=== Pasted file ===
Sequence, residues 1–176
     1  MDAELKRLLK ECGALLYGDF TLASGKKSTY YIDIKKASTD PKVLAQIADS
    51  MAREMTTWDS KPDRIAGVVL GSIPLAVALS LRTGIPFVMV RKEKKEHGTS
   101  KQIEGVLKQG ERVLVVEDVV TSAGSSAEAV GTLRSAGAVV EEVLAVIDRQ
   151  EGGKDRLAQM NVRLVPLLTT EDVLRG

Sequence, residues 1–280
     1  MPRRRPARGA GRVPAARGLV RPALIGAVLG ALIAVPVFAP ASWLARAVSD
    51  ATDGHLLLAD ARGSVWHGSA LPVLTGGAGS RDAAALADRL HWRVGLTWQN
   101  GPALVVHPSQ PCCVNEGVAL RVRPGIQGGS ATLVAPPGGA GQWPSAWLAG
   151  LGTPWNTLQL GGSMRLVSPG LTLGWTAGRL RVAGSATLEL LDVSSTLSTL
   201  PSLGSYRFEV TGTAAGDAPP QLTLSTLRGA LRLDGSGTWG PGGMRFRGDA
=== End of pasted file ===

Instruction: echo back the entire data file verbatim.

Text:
Sequence, residues 1–176
     1  MDAELKRLLK ECGALLYGDF TLASGKKSTY YIDIKKASTD PKVLAQIADS
    51  MAREMTTWDS KPDRIAGVVL GSIPLAVALS LRTGIPFVMV RKEKKEHGTS
   101  KQIEGVLKQG ERVLVVEDVV TSAGSSAEAV GTLRSAGAVV EEVLAVIDRQ
   151  EGGKDRLAQM NVRLVPLLTT EDVLRG

Sequence, residues 1–280
     1  MPRRRPARGA GRVPAARGLV RPALIGAVLG ALIAVPVFAP ASWLARAVSD
    51  ATDGHLLLAD ARGSVWHGSA LPVLTGGAGS RDAAALADRL HWRVGLTWQN
   101  GPALVVHPSQ PCCVNEGVAL RVRPGIQGGS ATLVAPPGGA GQWPSAWLAG
   151  LGTPWNTLQL GGSMRLVSPG LTLGWTAGRL RVAGSATLEL LDVSSTLSTL
   201  PSLGSYRFEV TGTAAGDAPP QLTLSTLRGA LRLDGSGTWG PGGMRFRGDA